Bioshock Infinite
Irrational Games/2K Games
Reviewed On: Xbox 360 Also On: PC, PS3
Street: 03.26
When we meet private investigator Booker DeWitt at the outset of the highly anticipated Bioshock Infinite, he’s on a boat off the coast of Maine, heading to a lighthouse to complete a debt-clearing assignment: kidnap a girl from the flying city of Columbia. But from the moment Booker steps into the deeply religious world of 1912 Columbia, it’s clear there’s something dark underneath the bright utopia—mysteries that will slowly reveal themselves throughout the game. Always a series known for its deep philosophies and social critiques, Bioshock has been revered more for narrative than gameplay. This is still true to a degree in Infinite, but there’s much more variety in how players can approach encounters with enemies: Rechargeable abilities called “vigors” can be found about the world, which give players powers to turn the tide of battle in their favor. For example, “Bucking Bronco” will suspend enemies in midair, and “Murder of Crows” sends a wave of flesh-eating crows flying toward the bad guys. It gives just enough life in every battle to make Infinite separate itself in the crowded genre of first-person shooter, with unique qualities that the story and characters take even further—including Elizabeth, one of the most layered, well-written female characters in recent memory. Titles like Bioshock Infinite only come along a few times a generation, and give me hope for the next console cycle looming on the horizon. It’s one of the most ambitious AAA-budget titles ever, executing a difficult, thematically complex narrative with confidence, while constructing a beautiful, mystery-filled world in the sky to tell it in. Openly philosophical and deeply emotional, Bioshock Infinite is the most satisfying gaming experience I’ve had in a long, long time. –Randy Dankievitch

Injustice: Gods Among Us
NetherRealm Studios / Warner Bros. Interactive
Reviewed On: Xbox 360
Also On: PS3, WiiU
Street: 04.16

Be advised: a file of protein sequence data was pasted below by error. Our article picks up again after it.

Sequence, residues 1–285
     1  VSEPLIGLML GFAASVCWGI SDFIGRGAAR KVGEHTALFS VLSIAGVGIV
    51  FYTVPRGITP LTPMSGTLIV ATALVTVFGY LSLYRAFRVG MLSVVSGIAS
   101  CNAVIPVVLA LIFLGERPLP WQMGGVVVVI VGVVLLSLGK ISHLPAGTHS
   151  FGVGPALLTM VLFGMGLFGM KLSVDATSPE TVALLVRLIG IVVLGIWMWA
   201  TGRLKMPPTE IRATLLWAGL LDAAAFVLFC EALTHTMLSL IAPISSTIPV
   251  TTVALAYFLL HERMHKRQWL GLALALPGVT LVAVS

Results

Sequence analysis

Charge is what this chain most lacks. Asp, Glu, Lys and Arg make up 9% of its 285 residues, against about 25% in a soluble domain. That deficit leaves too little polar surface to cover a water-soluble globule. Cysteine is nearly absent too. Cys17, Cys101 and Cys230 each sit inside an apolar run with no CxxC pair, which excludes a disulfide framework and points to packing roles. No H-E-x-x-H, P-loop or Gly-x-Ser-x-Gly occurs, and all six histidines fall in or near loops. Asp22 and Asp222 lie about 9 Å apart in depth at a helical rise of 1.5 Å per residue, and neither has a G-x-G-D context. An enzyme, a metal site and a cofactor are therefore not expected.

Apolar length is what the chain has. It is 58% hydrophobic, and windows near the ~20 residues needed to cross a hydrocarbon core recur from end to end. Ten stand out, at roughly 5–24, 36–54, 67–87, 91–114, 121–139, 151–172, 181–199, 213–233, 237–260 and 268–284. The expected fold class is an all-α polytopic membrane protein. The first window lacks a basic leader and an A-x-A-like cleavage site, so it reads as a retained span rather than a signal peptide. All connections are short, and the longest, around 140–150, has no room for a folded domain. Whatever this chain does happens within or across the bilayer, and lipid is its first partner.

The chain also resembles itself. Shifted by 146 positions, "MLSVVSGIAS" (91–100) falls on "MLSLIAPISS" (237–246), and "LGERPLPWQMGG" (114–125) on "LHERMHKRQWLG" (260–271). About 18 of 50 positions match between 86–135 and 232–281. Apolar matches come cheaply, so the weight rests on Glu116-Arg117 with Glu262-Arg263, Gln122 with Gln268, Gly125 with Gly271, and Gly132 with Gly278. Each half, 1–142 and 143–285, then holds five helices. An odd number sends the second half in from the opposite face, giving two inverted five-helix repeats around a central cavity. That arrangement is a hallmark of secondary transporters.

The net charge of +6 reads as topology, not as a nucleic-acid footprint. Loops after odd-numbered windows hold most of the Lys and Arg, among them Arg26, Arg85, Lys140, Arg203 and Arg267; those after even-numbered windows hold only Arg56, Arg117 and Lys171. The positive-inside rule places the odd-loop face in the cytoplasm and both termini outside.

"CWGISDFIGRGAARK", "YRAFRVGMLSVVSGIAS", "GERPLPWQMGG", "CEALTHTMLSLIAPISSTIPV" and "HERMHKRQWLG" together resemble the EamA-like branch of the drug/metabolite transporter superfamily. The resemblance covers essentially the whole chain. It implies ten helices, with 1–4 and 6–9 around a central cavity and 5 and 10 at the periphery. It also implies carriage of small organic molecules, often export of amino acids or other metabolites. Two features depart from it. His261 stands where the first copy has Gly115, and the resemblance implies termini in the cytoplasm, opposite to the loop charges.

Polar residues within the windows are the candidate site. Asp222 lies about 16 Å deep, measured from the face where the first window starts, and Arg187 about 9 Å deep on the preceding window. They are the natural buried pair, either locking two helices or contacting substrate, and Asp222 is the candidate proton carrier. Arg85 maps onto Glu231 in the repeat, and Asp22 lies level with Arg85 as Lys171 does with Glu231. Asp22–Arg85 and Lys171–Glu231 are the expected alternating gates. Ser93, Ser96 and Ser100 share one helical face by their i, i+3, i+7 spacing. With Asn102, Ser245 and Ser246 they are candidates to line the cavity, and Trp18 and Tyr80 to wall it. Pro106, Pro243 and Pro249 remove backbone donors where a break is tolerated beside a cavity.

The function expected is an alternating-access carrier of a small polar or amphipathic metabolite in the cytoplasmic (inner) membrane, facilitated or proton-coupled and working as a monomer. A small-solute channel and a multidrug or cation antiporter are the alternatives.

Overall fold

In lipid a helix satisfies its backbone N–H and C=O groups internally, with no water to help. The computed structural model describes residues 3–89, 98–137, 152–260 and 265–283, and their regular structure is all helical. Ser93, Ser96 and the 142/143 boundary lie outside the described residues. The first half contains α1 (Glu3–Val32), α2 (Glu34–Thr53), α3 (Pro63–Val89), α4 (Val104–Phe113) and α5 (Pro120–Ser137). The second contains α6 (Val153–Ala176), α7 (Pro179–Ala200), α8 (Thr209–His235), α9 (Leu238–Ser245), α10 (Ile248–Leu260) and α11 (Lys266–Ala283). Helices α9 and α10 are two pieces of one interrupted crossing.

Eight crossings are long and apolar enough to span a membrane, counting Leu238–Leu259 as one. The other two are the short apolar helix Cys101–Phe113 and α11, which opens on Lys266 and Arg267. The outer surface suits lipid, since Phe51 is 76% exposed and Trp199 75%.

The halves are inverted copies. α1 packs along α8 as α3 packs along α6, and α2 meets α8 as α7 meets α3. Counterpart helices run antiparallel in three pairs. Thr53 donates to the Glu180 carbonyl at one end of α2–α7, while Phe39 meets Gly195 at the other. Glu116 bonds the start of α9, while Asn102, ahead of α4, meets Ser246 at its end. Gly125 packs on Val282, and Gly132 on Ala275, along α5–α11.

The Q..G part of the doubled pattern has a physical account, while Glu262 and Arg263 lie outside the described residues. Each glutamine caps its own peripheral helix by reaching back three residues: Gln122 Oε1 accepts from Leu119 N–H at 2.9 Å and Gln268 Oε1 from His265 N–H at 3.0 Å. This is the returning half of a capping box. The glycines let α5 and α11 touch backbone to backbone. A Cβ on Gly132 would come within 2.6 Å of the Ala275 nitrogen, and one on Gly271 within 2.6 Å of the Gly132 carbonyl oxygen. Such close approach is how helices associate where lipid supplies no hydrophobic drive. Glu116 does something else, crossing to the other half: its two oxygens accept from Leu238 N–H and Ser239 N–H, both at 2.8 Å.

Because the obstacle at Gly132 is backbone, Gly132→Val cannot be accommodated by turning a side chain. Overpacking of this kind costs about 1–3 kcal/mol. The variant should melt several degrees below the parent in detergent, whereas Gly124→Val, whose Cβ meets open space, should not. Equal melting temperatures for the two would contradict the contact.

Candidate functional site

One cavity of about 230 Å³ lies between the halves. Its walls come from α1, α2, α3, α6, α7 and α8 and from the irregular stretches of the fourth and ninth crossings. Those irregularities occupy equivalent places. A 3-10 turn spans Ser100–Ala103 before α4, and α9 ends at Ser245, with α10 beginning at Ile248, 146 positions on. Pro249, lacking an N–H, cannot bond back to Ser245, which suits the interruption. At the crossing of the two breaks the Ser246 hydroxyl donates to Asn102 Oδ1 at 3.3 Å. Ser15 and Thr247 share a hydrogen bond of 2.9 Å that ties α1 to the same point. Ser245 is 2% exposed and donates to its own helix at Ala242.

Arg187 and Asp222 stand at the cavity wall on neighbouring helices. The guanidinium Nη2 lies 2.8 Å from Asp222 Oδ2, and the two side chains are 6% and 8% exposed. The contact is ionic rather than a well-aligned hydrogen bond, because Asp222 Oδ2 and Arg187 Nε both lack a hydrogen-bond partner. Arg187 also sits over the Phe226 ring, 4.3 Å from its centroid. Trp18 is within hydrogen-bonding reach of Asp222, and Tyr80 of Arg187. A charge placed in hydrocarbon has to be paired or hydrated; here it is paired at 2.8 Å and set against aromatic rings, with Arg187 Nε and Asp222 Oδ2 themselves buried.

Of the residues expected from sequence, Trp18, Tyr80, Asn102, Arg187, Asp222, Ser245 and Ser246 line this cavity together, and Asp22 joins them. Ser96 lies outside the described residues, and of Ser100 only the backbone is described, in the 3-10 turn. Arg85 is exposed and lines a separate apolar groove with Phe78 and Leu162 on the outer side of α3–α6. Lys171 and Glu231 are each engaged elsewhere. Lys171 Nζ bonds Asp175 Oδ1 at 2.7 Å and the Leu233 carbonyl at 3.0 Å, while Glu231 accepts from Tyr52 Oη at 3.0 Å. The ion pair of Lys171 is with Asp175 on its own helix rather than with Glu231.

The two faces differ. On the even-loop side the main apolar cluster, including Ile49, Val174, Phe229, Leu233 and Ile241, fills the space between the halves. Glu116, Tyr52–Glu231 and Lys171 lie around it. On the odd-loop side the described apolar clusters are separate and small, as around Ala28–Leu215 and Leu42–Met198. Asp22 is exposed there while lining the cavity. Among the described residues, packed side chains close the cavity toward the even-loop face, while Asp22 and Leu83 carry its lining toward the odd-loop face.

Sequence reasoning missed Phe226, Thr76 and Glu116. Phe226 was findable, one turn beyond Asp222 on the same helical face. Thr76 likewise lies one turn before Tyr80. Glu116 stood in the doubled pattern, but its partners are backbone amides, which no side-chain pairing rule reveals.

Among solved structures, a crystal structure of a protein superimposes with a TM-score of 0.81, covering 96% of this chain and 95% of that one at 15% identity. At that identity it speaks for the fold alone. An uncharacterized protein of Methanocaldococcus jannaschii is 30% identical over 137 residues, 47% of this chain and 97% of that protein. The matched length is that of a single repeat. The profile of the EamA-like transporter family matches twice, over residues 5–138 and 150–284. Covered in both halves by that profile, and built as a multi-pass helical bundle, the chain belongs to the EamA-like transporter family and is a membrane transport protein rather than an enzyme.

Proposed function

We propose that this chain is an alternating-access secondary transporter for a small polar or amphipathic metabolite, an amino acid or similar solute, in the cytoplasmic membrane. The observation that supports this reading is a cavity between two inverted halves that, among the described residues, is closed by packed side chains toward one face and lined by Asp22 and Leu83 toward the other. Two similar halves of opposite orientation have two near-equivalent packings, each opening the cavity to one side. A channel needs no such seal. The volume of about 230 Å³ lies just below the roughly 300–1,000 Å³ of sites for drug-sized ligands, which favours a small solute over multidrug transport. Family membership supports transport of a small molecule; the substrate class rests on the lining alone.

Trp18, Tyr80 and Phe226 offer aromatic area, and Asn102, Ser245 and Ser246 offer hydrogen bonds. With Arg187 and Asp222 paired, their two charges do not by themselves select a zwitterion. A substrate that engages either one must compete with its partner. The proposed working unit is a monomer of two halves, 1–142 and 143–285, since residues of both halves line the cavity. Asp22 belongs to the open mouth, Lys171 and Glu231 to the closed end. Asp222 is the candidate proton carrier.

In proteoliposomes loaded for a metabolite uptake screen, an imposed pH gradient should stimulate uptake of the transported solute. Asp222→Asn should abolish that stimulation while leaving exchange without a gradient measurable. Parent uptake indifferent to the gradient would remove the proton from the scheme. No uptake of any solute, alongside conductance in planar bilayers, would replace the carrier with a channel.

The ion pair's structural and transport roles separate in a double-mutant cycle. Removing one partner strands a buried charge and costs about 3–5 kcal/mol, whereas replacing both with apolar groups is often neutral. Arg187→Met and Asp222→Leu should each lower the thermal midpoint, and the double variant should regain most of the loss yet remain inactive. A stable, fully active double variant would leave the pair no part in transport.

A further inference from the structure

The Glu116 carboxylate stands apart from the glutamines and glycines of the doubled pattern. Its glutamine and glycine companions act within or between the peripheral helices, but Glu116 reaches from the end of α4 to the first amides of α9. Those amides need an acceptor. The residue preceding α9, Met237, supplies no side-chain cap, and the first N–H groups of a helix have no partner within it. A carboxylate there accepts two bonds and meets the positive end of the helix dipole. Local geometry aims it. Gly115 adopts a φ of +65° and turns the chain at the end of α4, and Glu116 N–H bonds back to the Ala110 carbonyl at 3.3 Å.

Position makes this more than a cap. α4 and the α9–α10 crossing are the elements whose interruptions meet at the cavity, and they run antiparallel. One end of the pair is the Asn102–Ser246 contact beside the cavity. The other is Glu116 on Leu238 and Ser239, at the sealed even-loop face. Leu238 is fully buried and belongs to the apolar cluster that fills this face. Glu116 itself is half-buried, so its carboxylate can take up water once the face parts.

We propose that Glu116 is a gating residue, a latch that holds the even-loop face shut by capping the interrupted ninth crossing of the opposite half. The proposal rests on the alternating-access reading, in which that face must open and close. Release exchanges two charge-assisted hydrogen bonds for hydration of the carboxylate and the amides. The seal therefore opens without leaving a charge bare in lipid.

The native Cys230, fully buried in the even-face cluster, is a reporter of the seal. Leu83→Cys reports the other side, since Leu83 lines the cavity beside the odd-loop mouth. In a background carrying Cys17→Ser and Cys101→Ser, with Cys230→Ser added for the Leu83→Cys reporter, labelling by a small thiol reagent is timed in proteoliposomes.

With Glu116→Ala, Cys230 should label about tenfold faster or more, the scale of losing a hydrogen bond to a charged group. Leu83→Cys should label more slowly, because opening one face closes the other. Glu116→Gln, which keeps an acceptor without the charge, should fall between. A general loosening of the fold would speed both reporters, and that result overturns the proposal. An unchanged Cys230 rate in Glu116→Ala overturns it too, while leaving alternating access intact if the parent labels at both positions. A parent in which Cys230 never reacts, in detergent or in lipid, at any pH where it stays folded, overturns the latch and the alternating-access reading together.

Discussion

Injustice: Gods Among Us gives players the opportunity to pick their favorite DC superheroes, with whom to mercilessly bludgeon opponents. With a massive starting roster reaching across multiple story arcs, and plans to expand via DLC, I’m glad to see this game live up to the promises of its developer. NetherRealm previously developed MK vs. DC and Mortal Kombat 9, both which were reasonably fun, but lacked in areas that technical fighting game players needed. Although MK was a step in the right direction for frame data and was loads of fun, it still lacked a technical aspect brought by its other counterparts in the fighting game world. Injustice fixes that issue. With a few technical tweaks, incredible single-player story and a phenomenal cast, this DC brawler is everything you could hope for from a fighting game. The levels are well designed, richly detailed and highly interactive, which adds an entirely new dynamic to fighting. If your character is one with super strength, you can use large elements in the game to smash your opponent for quick damage. If you are a character who doesn’t wield strong physical prowess (i.e. Batman), you can use the environments to escape, or to trap your opponent instead. The combo system functions on a chain system, as opposed to Street Fighter’s link system. What this means is that as long as you input the commands within the window of opportunity in the right order, your character will complete the combination, leaving the strategy to be built around avoiding your opponents’ attacks and countering when he is exposed. Whether you use Aquaman to feed your opponents to various sea creatures or power slam them from space as Superman, this game has something for everyone. Comic-book junkie or not, this game is for you. –Thomas Winkley